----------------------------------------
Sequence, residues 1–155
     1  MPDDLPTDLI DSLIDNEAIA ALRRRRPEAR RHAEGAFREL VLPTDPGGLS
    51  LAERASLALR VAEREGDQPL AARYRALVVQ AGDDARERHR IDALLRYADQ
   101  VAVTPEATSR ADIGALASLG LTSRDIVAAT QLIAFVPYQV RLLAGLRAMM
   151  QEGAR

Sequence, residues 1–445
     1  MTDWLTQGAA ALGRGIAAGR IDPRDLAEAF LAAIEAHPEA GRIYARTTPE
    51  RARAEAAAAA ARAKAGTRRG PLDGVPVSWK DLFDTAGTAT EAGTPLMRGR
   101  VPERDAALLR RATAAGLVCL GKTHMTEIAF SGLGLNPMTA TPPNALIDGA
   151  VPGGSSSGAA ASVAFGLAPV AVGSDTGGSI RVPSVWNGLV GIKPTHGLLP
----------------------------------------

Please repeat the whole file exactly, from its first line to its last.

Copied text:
Sequence, residues 1–155
     1  MPDDLPTDLI DSLIDNEAIA ALRRRRPEAR RHAEGAFREL VLPTDPGGLS
    51  LAERASLALR VAEREGDQPL AARYRALVVQ AGDDARERHR IDALLRYADQ
   101  VAVTPEATSR ADIGALASLG LTSRDIVAAT QLIAFVPYQV RLLAGLRAMM
   151  QEGAR

Sequence, residues 1–445
     1  MTDWLTQGAA ALGRGIAAGR IDPRDLAEAF LAAIEAHPEA GRIYARTTPE
    51  RARAEAAAAA ARAKAGTRRG PLDGVPVSWK DLFDTAGTAT EAGTPLMRGR
   101  VPERDAALLR RATAAGLVCL GKTHMTEIAF SGLGLNPMTA TPPNALIDGA
   151  VPGGSSSGAA ASVAFGLAPV AVGSDTGGSI RVPSVWNGLV GIKPTHGLLP